Video? Wait…what? Isn’t this Digital Photography School? Yes, it most certainly is and yes you indeed read the title of this article correctly. I’m about to show you how easy it is to actually process video right inside of Adobe Lightroom Classic CC.
Now, this isn’t exactly a true hack (no Matrix stuff here) but it is a way for you to “work around” some of the limitations of Lightroom when it comes to processing your video files.Lightroom has always been able to support limited video editing in the Quick Develop module but not in the processing powerhouse that is the Develop Module. Many photographers today tend to work with some type of video format in addition to their photography ventures. I happen to run my own YouTube channel which means I shoot quite a bit of video as well as working in straight photography.
Lots of wedding and event photographers split their time between making images and recording video. Furthermore, aerial photography and video have exploded lately with the increased commercial availability of drones. This means there are a lot of photographers out there with video files that need to be processed quickly. If you’re in a pinch, being able to use Lightroom to easily process a quick video is invaluable.
Alright, enough of building it up. Let’s get down to business and learn how to use Lightroom process video files.
Import the Video
The process of importing a video file into Lightroom is exactly the same as any other image file. Once the video file is imported you have the ability to view and play the video in its entirety right inside of the Library Module.
This is where the problem with video processing in Lightroom begins. Once you try and switch to the Develop Module you’re confronted with this…
Conventionally, this is as far as you can go with your video file. If you stop here you’re limited to the Quick Develop buttons at the top right.
You do have the ability to apply presets here but these are an end unto themselves. Meaning, you can’t adjust the video appearance using the adjustment sliders in the Develop Module. Or can you? Yes, you can, as a matter of fact. And this is where the gentle hacking begins.
Capture a Frame
To begin your Lightroom trickery, and therefore the editing of your video, you first have to capture a frame of the video. This essentially becomes an image file and you’ll use this image to apply your edits that will eventually be transferred to the video. To obtain the frame capture, simply click the small frame icon below the video and select Capture Frame.
Now you have what is really just a screenshot from the video. The new frame capture appears immediately after the video in the film strip (see red arrow below).
Process the Frame Capture
To process your frame capture you first need to switch over to the Develop Module from the Library Module. It’s easy to think that you somehow need to augment your workflow since you’re processing a frame capture. This is not the case.
Process this image captured from the video just as you would any other normal photo. Keep in mind though that you are only able to save the following edits for transfer to your video.
Here’s the breakdown:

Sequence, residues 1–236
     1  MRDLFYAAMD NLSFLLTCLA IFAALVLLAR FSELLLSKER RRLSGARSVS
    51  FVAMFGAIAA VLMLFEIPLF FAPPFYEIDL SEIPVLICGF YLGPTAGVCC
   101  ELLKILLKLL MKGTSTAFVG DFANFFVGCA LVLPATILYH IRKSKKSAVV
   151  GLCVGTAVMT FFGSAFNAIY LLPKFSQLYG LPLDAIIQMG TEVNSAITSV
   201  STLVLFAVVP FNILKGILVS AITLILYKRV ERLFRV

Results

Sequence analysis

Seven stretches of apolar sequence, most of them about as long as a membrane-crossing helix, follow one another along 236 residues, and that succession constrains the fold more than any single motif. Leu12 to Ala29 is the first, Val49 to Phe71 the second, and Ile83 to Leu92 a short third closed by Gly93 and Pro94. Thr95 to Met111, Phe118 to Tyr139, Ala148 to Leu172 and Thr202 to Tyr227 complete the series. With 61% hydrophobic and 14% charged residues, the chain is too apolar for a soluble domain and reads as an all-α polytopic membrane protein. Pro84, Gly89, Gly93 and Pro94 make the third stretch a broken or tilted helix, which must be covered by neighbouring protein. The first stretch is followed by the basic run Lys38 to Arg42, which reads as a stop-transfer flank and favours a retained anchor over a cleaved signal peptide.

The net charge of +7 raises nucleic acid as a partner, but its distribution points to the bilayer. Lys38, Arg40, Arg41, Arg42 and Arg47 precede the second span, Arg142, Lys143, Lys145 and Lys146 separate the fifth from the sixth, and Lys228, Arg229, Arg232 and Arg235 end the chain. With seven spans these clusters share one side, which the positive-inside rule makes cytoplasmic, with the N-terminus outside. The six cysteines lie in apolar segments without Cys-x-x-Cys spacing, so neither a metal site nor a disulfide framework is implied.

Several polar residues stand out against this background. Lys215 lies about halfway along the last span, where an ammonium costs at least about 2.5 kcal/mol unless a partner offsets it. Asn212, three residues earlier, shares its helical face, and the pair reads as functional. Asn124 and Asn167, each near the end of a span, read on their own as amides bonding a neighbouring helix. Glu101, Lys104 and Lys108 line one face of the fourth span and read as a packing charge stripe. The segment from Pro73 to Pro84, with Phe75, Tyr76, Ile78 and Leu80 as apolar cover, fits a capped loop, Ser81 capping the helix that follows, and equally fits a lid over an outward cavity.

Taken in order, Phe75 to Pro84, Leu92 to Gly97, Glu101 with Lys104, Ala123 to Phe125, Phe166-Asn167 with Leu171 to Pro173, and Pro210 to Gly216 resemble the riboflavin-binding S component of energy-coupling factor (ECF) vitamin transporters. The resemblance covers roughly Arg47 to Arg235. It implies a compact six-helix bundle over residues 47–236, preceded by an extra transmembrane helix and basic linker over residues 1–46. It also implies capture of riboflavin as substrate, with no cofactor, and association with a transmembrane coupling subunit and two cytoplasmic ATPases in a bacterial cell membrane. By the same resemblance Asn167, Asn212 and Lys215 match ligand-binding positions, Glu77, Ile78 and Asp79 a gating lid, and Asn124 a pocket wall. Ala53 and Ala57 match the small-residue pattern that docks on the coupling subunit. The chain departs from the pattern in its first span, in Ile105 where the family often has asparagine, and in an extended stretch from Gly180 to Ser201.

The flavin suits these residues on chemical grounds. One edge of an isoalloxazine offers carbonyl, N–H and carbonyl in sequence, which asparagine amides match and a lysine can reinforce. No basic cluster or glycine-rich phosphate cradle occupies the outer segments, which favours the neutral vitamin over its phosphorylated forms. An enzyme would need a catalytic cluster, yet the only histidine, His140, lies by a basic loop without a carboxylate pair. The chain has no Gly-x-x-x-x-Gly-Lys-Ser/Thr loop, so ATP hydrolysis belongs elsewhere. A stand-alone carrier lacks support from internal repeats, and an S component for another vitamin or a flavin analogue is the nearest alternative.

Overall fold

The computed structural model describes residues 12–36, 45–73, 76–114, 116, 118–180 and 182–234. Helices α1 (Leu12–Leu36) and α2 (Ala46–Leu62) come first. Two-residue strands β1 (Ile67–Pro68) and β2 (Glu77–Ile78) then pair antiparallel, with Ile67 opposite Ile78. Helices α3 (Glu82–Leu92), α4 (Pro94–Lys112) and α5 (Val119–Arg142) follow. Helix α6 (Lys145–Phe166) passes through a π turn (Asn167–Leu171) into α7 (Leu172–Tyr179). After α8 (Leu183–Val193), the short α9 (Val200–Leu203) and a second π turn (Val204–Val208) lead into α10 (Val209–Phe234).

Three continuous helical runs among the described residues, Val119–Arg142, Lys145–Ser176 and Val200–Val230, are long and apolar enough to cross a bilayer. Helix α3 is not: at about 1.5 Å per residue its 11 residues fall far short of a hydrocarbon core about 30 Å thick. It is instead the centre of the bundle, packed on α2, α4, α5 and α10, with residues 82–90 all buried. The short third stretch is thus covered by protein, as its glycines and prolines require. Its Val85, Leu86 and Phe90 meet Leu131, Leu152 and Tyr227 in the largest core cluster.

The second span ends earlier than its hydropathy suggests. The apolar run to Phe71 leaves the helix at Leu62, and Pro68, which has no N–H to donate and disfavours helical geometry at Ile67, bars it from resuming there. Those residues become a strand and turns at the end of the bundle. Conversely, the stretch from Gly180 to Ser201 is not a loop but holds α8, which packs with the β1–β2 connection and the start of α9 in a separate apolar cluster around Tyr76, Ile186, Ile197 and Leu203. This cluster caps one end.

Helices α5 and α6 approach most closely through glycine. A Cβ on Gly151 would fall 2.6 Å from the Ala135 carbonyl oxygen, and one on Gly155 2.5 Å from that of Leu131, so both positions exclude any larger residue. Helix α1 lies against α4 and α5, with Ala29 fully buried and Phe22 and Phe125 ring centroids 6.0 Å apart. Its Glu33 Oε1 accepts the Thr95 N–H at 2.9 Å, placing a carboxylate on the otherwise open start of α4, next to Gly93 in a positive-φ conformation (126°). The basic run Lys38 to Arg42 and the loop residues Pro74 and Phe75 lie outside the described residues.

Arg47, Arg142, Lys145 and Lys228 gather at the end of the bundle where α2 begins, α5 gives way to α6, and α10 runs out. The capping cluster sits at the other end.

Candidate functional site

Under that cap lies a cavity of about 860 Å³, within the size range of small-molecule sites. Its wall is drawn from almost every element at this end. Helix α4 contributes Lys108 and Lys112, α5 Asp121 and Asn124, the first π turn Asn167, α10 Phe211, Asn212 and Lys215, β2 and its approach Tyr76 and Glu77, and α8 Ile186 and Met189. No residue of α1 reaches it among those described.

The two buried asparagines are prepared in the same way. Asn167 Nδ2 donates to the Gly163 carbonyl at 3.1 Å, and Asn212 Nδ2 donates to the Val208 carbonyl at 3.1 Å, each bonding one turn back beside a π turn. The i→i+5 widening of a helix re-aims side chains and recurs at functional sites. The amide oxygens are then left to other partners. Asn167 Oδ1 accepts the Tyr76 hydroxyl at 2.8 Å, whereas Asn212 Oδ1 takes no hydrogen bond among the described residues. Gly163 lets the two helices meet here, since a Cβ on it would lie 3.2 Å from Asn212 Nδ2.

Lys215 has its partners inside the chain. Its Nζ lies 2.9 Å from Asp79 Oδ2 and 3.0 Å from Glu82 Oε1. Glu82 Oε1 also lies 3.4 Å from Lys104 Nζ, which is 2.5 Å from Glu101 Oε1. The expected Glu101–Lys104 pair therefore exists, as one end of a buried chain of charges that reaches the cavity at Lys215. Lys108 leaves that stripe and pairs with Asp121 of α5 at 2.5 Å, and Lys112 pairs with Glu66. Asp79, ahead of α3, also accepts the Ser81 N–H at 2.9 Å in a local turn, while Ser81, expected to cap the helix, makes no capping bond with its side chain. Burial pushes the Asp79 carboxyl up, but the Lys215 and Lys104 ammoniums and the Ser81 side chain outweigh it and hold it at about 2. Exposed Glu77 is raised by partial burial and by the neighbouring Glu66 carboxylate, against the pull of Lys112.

- Treatment and Profile
- White balance
- White clipping
- Black clipping
- Split Toning
Yes, unfortunately, there will be no Clarity, Sharpening or Vignetting applied to your video in Lightroom. But look at that list! Of special interest is the tone curve which will give you amazing control over the look of your video. For this example, I’ve made some fairly extreme edits for the sake of demonstration.
You may be thinking “Okay, but how do I get those edits onto the video?” You’re in luck. I’m about to show you how, and it’s incredibly easy.
Sync the Edits
The magic happens when you synchronize the edits you’ve just made to your frame capture with the video file you’ve imported. In truth, you can sync the edits from any image you have in the Lightroom catalog but the most predictable method is by using a still from the actual video you’re processing.
To sync the processed frame capture and the video, first, you need to switch back to the Develop Module. Then use Ctrl/Cmd+click to select both the video file and the frame capture from the film strip.
Next, it’s just a matter of clicking the “Sync Settings” button at the bottom right.
That’s it! All of your edits are instantly transferred from the frame capture to the video.
Export the Video
Once all the editing is over, the method to export the video file is just as simple as importing. Simply choose the destination, file naming and quality settings for the video. You can even add your own watermark.
Is processing your videos in Lightroom the ideal method? I don’t think so. Is it an easy and effective way to apply some creative edits to your video file? Absolutely.
I actually process most of my videos in this manner and then export them to another program to finish the cutting and final processing. Lightroom gives us the ability to apply most of the same processing power to our videos, with a few limitations.
If you’re like me and constantly on the go, being able to stay in a familiar photo processing program like Lightroom is a welcomed alternative to more involved video processing software. Try it for yourself if you need an easy way to process your video clips!